Sugar might just be good for you.  Researchers from Brown University have linked healthy glucose levels with mindfulness, the trait of being aware of one’s thoughts and feelings.  The research team asserts, however that this does not necessarily confirms that sugar levels cause mindfulness, this only shows the association.

The study, published in the American Journal of Health Behaviour, indicates that people with high level of mindfulness are more capable of motivating themselves to exercise, follow their doctor’s prescribed diet and resist sweets and fatty foods. Additionally, the same people were 20 percent less likely to develop type 2 diabetes.

The researchers studied 399 participants who have been included in the New England Family Study and took their age, sex, race into account. They also included the participants’ sense of control, perceived stress,  body mass index (BMI), smoking practices, education level and depression level.

Pixabay/Tesa Photography

Pixabay/Tesa Photography

They were given psychological and physiological tests which included a glucose tests and the 15-item questionnaire that asked to scale their mindfulness from 1-7.  The questionnaire is called Mindful Attention Awareness Scale (MAAS). The team discovered that individuals who scored 6 or 7  in the MAAS were 35 percent more likely to have below 100 milligrammes of sugar levels, healthier levels than the ones that scored below 4 in the test.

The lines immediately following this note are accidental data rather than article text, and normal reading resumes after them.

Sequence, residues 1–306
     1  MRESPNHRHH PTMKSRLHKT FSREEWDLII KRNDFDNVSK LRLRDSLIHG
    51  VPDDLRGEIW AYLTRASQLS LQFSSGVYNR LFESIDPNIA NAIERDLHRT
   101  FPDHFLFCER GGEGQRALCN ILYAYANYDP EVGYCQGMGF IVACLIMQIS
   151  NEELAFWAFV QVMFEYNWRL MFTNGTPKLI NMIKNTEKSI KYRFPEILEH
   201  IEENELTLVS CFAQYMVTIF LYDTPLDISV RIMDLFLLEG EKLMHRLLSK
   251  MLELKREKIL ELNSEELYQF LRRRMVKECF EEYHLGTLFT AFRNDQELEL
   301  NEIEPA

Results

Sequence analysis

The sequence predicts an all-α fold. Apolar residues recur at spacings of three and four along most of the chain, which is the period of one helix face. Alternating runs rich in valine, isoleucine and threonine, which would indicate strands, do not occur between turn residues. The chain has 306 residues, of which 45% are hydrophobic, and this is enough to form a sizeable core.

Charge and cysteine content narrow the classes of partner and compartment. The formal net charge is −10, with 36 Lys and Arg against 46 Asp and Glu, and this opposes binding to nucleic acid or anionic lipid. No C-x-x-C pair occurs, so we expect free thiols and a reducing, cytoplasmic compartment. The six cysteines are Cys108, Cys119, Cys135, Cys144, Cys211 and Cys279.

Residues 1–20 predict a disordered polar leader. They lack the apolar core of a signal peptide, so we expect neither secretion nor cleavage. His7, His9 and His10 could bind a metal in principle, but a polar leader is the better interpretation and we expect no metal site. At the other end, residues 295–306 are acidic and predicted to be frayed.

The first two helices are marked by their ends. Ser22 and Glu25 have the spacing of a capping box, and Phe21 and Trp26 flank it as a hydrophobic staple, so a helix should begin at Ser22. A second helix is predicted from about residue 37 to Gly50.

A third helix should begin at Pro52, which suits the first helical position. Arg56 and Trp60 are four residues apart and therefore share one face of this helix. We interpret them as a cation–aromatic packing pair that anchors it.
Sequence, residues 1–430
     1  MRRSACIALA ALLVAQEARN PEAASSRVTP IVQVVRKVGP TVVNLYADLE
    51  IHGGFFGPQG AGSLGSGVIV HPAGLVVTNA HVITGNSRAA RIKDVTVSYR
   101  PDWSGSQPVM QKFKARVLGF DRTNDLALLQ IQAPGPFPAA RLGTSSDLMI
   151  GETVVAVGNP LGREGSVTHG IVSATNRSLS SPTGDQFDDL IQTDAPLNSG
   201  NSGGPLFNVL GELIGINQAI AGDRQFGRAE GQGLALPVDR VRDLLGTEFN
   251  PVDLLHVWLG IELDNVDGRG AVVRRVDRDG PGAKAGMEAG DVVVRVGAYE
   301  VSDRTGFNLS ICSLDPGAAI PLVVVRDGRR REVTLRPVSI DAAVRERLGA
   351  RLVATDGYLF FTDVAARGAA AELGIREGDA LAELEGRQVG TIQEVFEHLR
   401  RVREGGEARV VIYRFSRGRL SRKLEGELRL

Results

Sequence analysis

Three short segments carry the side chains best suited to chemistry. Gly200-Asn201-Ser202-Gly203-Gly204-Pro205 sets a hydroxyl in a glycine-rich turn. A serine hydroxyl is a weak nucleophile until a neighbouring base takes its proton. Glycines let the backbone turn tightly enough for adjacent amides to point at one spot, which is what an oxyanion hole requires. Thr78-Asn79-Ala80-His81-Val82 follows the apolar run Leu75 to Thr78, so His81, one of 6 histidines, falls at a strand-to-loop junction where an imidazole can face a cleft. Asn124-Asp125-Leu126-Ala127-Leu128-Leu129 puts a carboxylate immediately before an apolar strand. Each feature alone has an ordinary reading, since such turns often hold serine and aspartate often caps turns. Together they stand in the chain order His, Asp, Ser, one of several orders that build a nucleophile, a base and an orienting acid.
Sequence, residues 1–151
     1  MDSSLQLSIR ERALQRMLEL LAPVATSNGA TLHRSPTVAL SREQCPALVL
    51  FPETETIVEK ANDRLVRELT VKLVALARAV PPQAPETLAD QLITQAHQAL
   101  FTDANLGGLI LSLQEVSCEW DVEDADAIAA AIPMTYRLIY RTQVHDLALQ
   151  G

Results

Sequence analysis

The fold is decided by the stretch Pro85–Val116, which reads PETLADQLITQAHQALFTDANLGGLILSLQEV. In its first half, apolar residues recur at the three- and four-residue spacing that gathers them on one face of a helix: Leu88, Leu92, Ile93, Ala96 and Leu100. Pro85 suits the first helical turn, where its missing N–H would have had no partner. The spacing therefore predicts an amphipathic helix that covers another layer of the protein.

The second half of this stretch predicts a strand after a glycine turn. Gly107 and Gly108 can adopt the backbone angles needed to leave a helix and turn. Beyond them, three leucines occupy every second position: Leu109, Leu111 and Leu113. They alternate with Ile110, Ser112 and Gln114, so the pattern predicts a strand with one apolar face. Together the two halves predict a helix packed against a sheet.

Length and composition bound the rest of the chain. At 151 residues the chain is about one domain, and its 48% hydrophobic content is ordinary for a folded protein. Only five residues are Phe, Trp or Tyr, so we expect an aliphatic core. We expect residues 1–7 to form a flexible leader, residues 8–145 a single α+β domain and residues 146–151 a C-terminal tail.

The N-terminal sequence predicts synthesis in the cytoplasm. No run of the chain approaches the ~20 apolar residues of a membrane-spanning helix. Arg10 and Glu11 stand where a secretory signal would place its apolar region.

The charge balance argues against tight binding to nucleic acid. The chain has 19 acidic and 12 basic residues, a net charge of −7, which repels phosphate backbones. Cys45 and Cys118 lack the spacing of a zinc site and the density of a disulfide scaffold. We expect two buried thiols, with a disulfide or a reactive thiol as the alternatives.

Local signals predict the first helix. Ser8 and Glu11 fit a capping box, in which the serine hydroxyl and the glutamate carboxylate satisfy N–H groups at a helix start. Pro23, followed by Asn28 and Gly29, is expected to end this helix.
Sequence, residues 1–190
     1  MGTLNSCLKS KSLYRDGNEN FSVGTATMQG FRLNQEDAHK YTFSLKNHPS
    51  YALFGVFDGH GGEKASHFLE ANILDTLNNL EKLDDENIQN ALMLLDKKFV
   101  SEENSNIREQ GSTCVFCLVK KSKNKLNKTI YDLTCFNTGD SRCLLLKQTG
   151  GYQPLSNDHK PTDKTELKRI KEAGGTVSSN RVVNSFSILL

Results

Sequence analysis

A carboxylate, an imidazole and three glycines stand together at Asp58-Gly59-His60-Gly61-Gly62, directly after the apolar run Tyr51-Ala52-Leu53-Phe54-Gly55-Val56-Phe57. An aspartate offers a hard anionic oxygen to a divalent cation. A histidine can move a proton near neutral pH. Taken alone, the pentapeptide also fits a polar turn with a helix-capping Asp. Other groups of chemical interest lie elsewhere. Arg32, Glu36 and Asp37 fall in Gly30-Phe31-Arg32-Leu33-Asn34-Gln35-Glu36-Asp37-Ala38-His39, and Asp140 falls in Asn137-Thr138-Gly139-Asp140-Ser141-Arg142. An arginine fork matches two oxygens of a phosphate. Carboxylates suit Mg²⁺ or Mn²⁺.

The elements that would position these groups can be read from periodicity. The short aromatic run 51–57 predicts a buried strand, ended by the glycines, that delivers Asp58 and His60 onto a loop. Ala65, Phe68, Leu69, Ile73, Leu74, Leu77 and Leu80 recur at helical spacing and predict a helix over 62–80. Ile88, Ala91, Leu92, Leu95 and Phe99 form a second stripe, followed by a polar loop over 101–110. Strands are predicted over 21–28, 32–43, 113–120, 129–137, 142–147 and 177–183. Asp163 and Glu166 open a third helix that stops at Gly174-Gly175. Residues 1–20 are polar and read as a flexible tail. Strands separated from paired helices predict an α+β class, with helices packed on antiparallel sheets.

The researchers say that obesity caused a three-percentage point difference while sense of control caused an eight-percentage point difference of the total 35 percent risk difference.

Lead author Eric Loucks, assistant professor of epidemiology in the Brown University School of Public Health, admits that the study population may have been too small to have produced conclusive results. However, this study is the first one to analyse the link between mindfulness and diabetes as well as other cardiovascular diseases.

“This study demonstrated a significant association of dispositional mindfulness with glucose regulation, and provided novel evidence that obesity and sense of control may serve as potential mediators of this association. As mindfulness is likely a modifiable trait, this study provides preliminary evidence for a fairly novel and modifiable potential determinant of diabetes risk,” the study states.